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BAAM Design Guidelines
What is BAAM?
Big Area Additive Manufacturing (BAAM) is an industrial scale, additive manufacturing system designed for production and manufacturing environments. Additive manufacturing, commonly called 3-D printing, is the process of creating a three dimensional part from a virtual model. A digital model is imported into a “slicing” software as a STL file. The model is then separated or sliced into layers, which creates g-code to define the toolpath.
BAAM currently has three different nozzle sizes: 0.01 inch, 0.20 inch, and 0.30 inch. The 0.20 inch nozzle is typically used in applications where a smoother surface finish is needed, and the 0.30 is used when a higher mass flow rate is needed. The nozzle size determines the “bead size,” which ultimately defines the minimum width of your part. The 0.20 and the 0.30 inch nozzle has a bead width of 0.22 inches and 0.34 inches, respectively. When designing the width of a part, the designer should make the part’s width a multiple of bead width. For example, if a part required a 0.50 inch wall thickness, the designer can make the 3-D printed wall thickness either 0.44 inches with two beads from the 0.20 nozzle, or he or she can make the wall 0.68 inches with two beads from the 0.30 nozzle. The layer height also varies based on the bead used. The 0.20 inch nozzle has a layer height of 0.10 inches, and the 0.30 inch nozzle has a layer height of 0.16 inches.
Because 3-D printing builds parts by depositing a layer of material on top of a previous layer, “gaps” and “overhangs” have to be supported by a previous layer of material. Figure 1 shows an example of a gap.
The archway illustrated in the figure shows two columns with a space, or gap, between them. Depending on the size of this gap, the bead could need a support structure to keep the bead from sagging or falling off when spanning this void. If the distance between the two columns is less than 1.50 inches, then the extruded bead will be able to span the gap without additional support. If the distance is greater than 1.50 inches, than an additional support structure is needed. Support structures on BAAM are made with the same material as the part. However, a layer of powder is applied where the support structure meets the part. This powder keeps the two layers from bonding together.
Overhangs occur when one layer protrudes further than the previous layer. Like gaps, overhangs can cause the printed bead to sag if the feature is too extreme. The angle between the ground and the final layer should be 60 degrees or higher, as shown in the following figure. Like gaps, support structures can be added when the angle is less than 60 degrees.
Insets, Infills, and Skins
Additive Manufacturing has the ability to add as much or as little structural rigidity to a part as needed. Parts are given a number of “insets,” or perimeter beads. The space between these insets is filled with an “infill.” The slicing software for BAAM allows the designer choose the number of inset beads, the infill pattern, and the percentage of infill. Therefore, when designing a part, the operator does not have to include the infill pattern in the 3-D model. A typical part has a 2 bead inset with a 75% grid infill. Figure 4 shows example of different infill patterns.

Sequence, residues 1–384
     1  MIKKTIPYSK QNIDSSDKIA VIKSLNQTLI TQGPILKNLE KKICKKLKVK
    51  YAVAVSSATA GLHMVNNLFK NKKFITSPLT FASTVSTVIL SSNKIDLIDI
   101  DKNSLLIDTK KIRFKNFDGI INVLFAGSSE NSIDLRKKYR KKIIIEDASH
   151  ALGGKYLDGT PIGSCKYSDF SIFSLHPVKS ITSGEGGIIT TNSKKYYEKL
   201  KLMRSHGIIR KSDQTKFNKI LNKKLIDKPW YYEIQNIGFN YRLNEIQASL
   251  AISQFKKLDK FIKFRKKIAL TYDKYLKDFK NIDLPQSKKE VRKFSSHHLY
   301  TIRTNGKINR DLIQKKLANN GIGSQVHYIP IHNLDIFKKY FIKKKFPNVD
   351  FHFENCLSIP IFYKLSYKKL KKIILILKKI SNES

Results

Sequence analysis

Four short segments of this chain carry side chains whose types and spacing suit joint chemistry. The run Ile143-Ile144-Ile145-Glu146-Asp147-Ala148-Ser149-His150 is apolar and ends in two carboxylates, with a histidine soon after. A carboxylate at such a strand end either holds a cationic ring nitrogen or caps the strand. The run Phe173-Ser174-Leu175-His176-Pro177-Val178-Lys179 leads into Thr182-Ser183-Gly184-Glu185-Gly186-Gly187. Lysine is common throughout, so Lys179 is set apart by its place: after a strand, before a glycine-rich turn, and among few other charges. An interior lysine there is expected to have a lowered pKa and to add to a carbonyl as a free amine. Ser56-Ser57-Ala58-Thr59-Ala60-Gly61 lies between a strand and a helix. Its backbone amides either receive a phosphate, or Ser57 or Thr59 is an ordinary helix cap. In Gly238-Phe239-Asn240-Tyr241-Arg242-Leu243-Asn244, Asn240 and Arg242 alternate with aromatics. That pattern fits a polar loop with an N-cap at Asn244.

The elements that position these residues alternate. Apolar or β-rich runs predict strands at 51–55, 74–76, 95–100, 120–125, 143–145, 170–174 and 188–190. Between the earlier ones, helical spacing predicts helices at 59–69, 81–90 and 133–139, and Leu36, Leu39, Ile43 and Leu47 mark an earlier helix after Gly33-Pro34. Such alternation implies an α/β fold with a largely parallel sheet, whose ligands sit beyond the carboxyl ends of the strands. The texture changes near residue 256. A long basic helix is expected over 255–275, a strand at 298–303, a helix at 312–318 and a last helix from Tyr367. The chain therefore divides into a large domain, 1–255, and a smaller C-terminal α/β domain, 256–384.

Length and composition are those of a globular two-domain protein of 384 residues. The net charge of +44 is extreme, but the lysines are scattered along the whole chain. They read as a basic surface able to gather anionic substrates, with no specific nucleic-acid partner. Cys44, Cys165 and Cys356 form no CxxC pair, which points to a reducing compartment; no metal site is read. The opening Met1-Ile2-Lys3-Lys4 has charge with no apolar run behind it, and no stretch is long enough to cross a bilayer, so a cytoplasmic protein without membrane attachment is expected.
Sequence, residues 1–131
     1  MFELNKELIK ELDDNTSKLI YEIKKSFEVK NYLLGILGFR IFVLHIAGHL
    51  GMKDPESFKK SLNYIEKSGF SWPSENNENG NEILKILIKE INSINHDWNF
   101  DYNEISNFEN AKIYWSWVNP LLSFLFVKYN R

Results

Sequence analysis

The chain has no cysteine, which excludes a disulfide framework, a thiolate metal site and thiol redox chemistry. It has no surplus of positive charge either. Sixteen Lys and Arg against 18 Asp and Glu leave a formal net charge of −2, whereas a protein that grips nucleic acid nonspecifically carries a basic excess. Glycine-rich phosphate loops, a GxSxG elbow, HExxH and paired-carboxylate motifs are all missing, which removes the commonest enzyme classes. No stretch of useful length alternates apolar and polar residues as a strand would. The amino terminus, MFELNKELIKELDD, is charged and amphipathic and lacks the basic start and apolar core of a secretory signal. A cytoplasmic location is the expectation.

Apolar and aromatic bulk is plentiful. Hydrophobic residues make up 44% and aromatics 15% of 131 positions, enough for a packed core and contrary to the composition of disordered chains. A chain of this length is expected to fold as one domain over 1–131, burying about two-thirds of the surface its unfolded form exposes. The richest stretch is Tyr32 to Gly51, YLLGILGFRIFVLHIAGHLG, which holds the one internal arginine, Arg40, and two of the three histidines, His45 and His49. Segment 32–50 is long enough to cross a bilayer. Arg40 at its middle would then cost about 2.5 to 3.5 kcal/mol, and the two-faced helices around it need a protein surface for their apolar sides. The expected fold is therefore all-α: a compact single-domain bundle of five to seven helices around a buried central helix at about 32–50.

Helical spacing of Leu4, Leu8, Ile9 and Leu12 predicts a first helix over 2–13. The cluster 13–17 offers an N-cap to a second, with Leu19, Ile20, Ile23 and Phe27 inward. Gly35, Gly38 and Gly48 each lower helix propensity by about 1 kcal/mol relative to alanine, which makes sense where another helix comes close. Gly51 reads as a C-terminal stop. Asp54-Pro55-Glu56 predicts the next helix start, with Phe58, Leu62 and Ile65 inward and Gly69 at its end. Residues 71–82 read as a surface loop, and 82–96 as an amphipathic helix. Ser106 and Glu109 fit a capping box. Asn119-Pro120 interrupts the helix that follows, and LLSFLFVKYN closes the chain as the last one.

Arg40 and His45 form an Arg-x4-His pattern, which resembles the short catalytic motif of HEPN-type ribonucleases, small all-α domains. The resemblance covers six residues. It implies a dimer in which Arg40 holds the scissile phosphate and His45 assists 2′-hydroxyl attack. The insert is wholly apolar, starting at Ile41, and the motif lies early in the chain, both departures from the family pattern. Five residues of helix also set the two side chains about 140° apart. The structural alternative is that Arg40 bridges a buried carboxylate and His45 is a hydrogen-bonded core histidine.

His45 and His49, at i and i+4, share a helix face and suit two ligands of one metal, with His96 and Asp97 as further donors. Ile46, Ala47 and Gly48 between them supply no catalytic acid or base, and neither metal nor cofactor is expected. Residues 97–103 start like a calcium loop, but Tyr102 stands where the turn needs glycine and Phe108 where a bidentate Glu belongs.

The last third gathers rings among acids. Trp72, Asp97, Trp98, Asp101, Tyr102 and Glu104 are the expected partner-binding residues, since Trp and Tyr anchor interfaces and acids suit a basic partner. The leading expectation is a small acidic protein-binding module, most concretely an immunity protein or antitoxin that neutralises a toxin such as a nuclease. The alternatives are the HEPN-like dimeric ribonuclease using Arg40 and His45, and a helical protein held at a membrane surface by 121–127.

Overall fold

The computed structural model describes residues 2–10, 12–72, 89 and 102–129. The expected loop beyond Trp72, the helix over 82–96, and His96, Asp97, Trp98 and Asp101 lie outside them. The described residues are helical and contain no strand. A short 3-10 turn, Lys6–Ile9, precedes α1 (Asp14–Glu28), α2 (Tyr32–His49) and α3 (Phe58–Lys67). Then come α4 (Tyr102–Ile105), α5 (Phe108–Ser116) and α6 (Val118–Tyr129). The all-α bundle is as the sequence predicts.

Infill patterns help reduce the weight of a part while maintaining structural rigidity by sparsely filling the shape. In some applications, like tools and molds, you may want a solid layer for the bottom and top surface instead of a sparse pattern. A “skin” is a slicing software setting that is used to apply any number of solid layers to top and/or bottom surfaces of a part.
Some applications with thin walls require a part to have a 1-bead inset. When designing a part with a 1-bead wall, design the part as a solid objective and set perimeters to 1 bead in the slicing software
High Temperature Polymers
Special blends of Polyphenylsulfide (PPS), Polyphenylsulfone (PPSU), and Polyetherimide (Ultem) were developed on BAAM to make tooling and molds for autoclave environments of 350ºF and 100 psi. These high temperature polymers are currently restricted to a mid-scale geometry of approximately 6ft of length x 4ft of width x 6ft of height. This equates to a layer time of 5 minutes or less. Layer times that exceed 5 minutes will cause poor layer-to-layer bonding, which could result in poorer mechanical properties and crack formations between layers.
High temperature polymers must also be processed with a nitrogen or argon purge flowing into the extruder. The inert gas prevents the polymer undergoing thermal oxidation during extrusion.
The beginning and ending of a layer should be placed on a sacrificial section or an area that is not the working surface on a mold. The starts and stops of a layer tend to have a rougher texture, which could be undesirable for a final part.
Coefficient of thermal expansion (CTE)
- ABS with 13% CF
- Parallel to Extrusion 9.85 µm/m⁰C
- Perpendicular to Extrusion 119.8 µm/m⁰C
- ABS ………. 75 μm/m°C
- PC ………… 70 μm/m°C
- Al ………….. 22 μm/m°C
- Invar ……… 1.5 μm/m°C
- Pyrex ………. 4 μm/m°C
- Graphite ….. 2-6μm/m°C
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